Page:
Economic and Legal Factors
WACKER sells its products and services to virtually every industry. Although our business divisions are not immune to economic fluctuations, their onset and impact may vary. Our product portfolio and broad customer base enable us to mitigate the magnitude of such fluctuations.
The terms for orders placed with WACKER vary from division to division. Most orders received by WACKER SILICONES are short term, though a small number are long term. At WACKER POLYMERS, business is based on contracts and framework agreements with terms of up to one year. At WACKER POLYSILICON, we conclude short- and long-term contracts. A proportion of incoming orders are short-term ones based on market benchmarks. Due to varying order-placement procedures at the Group, order-level reporting is not very meaningful and hence does not serve as an indicator in our monthly reports.
Operational Metrics as Leading Indicators of Future Developments
By referring to specific leading indicators based on operational metrics, we try to factor potential developments into our business plans and to allocate capacities accordingly. Since our operations are based on diverse businesses and markets, we use a number of leading indicators to gain insights into potential developments at each of our business divisions. Indicators include trends in raw-material and energy prices, as well as data from our own market research and discussions with customers.
Economic Factors Impacting Our Business
The main economic factors influencing WACKER’s business remained unchanged in many areas.
Raw-Material and Energy Costs
As a chemical company, we belong to an energy-intensive industry and require diverse raw materials to manufacture our products. Consequently, increases in raw-material and energy costs have a delayed effect on our cost structure. WACKER strives to keep costs at a competive level. It does so by using multiple suppliers for most of its key raw materials and structuring its supply contracts so as to grant it the greatest possible flexibility as regards volumes, and by monitoring commodity price indexes to ensure competitive procurement prices. Close cooperation between Procurement and our business divisions helps ensure that higher raw-material costs are for the most part passed on to our customers. However, it is not always possible to achieve this goal in years when price changes are extreme. Amendments to the regulatory framework – such as to grid charges, to energy and electricity taxes, to CO2 certificates in the European Emissions Trading Scheme (ETS) and to the German Renewable Energy Act (EEG) – can have both direct and indirect negative effects on WACKER’s energy costs. Germany’s high electricity prices result in competitive disadvantages for WACKER. That is why we advocate introducing an industrial electricity price and are urging policymakers to do so. In addition, we continuously strive to improve our energy efficiency. By 2030, we want to reduce our specific energy consumption by 15 percent of what it was in 2020.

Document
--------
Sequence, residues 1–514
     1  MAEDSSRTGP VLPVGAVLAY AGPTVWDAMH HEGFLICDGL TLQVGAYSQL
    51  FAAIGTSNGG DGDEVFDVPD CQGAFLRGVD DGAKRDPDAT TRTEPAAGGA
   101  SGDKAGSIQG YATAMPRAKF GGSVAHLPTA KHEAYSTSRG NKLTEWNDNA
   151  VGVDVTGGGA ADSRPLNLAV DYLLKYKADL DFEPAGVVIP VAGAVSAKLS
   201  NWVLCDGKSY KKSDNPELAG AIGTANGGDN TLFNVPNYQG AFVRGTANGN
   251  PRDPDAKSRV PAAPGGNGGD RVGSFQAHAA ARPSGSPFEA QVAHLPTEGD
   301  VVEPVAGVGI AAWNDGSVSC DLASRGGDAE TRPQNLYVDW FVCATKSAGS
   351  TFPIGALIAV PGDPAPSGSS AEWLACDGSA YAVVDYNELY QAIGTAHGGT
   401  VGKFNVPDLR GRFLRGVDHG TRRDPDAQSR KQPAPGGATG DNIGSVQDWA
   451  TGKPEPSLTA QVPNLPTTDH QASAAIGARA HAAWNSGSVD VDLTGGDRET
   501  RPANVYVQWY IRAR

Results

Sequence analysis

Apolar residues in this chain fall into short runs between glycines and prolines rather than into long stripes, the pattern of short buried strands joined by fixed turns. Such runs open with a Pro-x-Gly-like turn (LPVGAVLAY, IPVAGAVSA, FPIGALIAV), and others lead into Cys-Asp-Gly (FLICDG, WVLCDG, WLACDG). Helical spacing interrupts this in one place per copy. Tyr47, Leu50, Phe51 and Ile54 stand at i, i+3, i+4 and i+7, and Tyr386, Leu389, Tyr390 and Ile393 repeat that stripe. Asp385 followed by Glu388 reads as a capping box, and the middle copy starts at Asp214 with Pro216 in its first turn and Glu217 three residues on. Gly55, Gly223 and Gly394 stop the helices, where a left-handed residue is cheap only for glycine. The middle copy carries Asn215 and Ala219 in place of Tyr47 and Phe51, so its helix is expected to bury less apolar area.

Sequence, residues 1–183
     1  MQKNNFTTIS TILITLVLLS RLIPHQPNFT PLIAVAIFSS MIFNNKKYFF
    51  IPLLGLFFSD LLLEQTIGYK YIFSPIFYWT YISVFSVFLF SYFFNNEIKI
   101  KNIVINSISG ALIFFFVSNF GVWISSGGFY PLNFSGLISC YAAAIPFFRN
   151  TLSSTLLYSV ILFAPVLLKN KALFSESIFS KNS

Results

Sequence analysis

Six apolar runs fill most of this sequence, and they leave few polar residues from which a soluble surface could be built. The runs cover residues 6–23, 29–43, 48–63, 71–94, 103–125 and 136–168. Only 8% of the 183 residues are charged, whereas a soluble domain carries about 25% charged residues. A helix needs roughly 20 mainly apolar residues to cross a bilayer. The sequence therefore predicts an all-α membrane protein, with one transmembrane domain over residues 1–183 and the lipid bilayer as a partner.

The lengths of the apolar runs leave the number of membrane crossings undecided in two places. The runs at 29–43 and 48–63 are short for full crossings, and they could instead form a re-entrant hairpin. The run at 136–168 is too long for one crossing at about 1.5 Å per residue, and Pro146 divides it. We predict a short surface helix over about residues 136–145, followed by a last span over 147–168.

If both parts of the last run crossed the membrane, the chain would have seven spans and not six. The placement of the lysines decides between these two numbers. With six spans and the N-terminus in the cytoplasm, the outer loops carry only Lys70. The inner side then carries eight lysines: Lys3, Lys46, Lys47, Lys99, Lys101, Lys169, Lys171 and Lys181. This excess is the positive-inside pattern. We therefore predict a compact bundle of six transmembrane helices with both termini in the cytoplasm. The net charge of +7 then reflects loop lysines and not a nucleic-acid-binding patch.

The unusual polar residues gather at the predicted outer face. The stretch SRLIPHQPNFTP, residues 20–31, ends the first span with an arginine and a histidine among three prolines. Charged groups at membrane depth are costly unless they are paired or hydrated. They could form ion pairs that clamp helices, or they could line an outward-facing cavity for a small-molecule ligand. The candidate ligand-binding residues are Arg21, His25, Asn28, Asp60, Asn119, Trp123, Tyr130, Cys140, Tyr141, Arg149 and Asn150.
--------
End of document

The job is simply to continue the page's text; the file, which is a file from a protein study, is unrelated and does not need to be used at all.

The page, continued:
As a rule, WACKER hedges against exchange-rate fluctuations. We hedge about half of our dollar exposure for the following year with a mix of currency-hedging transactions. In determining sensitivity, we simulate a 10-percent devaluation of the US dollar against the euro. Without hedging, such an increase in the euro against the US dollar would have a negative impact on EBITDA of around €50 million. In 2021, we also concluded hedging transactions in Japanese yen (JPY).
State-Regulated Incentive and Feed-In Tariff Programs for Renewable Energy Sources
As one of the world’s leading suppliers of hyperpure polycrystalline silicon, we are affected by regulatory changes to incentive and feed-in tariff programs for renewable energy sources. Substantially lower prices for solar modules and cells have greatly increased the competitive advantage of solar energy over fossil fuels and other methods of power generation. The cost of manufacturing photovoltaic products is expected to continue decreasing, which will further reduce dependence on state-regulated incentive and feed-in tariff programs over the next few years. Our assumption is that, in a few years, solar energy will do well even without special incentives, particularly in combination with cost-efficient storage options.
Legal Factors Impacting Our Business
China imposed anti-dumping and anti-subsidy tariffs on US manufacturers of solar-grade polysilicon. These tariffs currently affect solar-grade polysilicon produced at our site in Charleston, Tennessee (USA). Trade relations with China were impaired further when the USA, in turn, introduced safeguard tariffs through a Section 201 proceeding (global safeguard tariffs on solar cells and modules) and through other “Section” proceedings. An amicable settlement to the dispute over solar products may be achievable as part of a comprehensive trade agreement between the USA and China.